With a huge grin that displayed a forest of teeth, Eaton Gordon threw the ball towards a lean 10-year-old girl called Rona. She followed it all the way and caught it neatly in her midriff with an élan that - on recent evidence - most England slip fielders could only yearn for.
Neither pausing for breath nor letting the smile slip, Eaton went round the whole group, firing tennis balls at them as though they were coming from cannons. He demonstrated a bowling action to them and he then went over to a larger group, split it into two teams and had their members hitting balls and running. Some of them hit it straight and a long way, some of them barely made contact. To a girl and a boy they all laughed - yes, even the fat kid at the back couldn't help it - because it was fun.
This was Chance To Shine in action last week at the James Watt Primary School in Handsworth, Birmingham. It is the ambitious project aimed at reviving cricket in state schools, a task that by and large requires the skills of resurrection rather than life support.
Its objective, seen as fanciful in some quarters, is to raise and spend £50 million over 10 years either to rejuvenate or reintroduce cricket in a third of English (and Welsh) state schools, some 6,000, by 2015. Launched a year ago, this is the summer when we will begin to know whether the initiative has legs.
"We were a horse without form last May," said Nick Gandon, director of the Cricket Foundation, the charitable but autonomous arm of the England and Wales Cricket Board, under whose auspices Chance To Shine operates. "But now we are a few furlongs into the race and travelling well."
The project is an example of how cricket clubs and schools can combine forces. It could not exist without clubs, who provide the coaches, but its reach is much wider. It is clearly doing something right. Of the 350 ECB focus clubs - all of whom have met certain standards - 250 applied to be part of Chance To Shine this year. Of those 100 were chosen and another 100 will be next year. Having been picked the clubs in turn choose the schools, who are then guaranteed four hours cricket coaching a week for 15 weeks. It provides a base of continuity and constancy for cricket in state schools which has not existed for a quarter of a century.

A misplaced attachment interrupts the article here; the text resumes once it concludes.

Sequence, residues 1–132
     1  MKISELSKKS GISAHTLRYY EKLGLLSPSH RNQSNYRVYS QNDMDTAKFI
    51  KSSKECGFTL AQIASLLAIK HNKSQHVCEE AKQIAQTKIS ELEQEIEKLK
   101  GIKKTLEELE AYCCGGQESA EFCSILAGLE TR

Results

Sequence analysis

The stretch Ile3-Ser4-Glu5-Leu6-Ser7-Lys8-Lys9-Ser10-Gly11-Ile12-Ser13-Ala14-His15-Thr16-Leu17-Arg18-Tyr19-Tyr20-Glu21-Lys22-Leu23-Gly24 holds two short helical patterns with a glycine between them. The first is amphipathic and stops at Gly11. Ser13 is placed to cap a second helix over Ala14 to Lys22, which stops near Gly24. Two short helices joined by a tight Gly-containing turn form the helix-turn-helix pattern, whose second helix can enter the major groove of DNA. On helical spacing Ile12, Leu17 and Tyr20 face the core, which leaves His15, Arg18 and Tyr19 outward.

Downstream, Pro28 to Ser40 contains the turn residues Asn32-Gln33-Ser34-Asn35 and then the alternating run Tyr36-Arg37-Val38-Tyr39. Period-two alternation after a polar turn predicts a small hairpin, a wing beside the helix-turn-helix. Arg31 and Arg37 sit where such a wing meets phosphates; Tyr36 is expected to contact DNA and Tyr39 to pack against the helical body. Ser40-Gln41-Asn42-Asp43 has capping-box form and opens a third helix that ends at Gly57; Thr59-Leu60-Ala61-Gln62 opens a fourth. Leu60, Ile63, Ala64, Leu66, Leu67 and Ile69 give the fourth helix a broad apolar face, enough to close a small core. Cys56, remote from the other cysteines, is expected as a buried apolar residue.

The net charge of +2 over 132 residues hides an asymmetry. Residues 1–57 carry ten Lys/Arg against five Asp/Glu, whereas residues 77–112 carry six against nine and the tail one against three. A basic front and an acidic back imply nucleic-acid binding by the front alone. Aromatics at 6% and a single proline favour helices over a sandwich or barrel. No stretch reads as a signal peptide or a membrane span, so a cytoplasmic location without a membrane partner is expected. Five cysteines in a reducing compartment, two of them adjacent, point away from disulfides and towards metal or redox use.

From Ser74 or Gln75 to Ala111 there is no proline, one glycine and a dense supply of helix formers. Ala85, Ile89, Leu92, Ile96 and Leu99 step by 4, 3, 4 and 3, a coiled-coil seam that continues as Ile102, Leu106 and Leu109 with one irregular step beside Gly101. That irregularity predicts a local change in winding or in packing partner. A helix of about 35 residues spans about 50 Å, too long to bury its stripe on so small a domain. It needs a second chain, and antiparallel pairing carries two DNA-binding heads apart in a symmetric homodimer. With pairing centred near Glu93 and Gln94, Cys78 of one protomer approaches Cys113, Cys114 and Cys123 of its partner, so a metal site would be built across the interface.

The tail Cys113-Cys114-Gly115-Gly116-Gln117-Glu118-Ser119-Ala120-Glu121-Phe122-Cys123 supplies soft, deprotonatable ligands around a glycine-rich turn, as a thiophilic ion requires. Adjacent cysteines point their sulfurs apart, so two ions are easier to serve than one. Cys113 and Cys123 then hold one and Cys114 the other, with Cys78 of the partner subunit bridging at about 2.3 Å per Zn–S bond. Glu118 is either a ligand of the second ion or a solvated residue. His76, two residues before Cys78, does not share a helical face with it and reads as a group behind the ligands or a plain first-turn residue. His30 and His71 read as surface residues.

"There is something messianic about it," Gandon said. "To some extent we are looking to effect a culture change which goes beyond cricket and spreads into the significance of team sports and what they can do for everyone. The coaches are instrumental in achieving this."
Eaton Gordon perhaps embodies the type of coach they might be looking for, possessed of technical nous but with an ability and desire to transmit the joy of the game. Gordon said: "I had coached at clubs before but in schools it's different. You are talking to kids who may not want to be there and do not have much idea of cricket. But you want to give something to them all."
Of the £50m which the project has budgeted for over 10 years, it has now raised £9m from donors and another £2m from the Government via the Sport Foundation. It intends to raise another £16m of its own which the Government should match pound for pound.
Gandon and the project's cricket operations director, Wasim Khan, both have a missionary zeal about them. Khan, who is based at Edgbaston and learned his own cricket in Birmingham, is adamant that cricket can be part of young people's daily lives again.
The barely suppressed desire is to get cricket being played again in city schools. Hands-worth embodies that. Cricket will not have it easy. In last week's group at James Watt there was an 11-year-old called Kingsley who hit straight and long and bowled straight and fast, a natural athlete. He said he enjoyed cricket and Eaton's way with it, but that his favourite sport was still football. Eaton is working on it.
If the coaches are vital, so are the teachers. It is as though at James Watt all the ingredients have come together. Helen James, the head teacher, was as energised as could be by the regular advent of cricket and its ability to teach values beyond the mere technical.
Some clubs, who have large colts sections already, might have felt cynical about this project but they are being won over. "Some of the pre-existing schemes have not endured," said Gandon. "This will because it is specifically long term."
The early indications look good. It can work given the money and if it never produces an England cricketer (though they should look out for Kingsley) it does not matter. Eaton Gordon's smile is worth turning up for.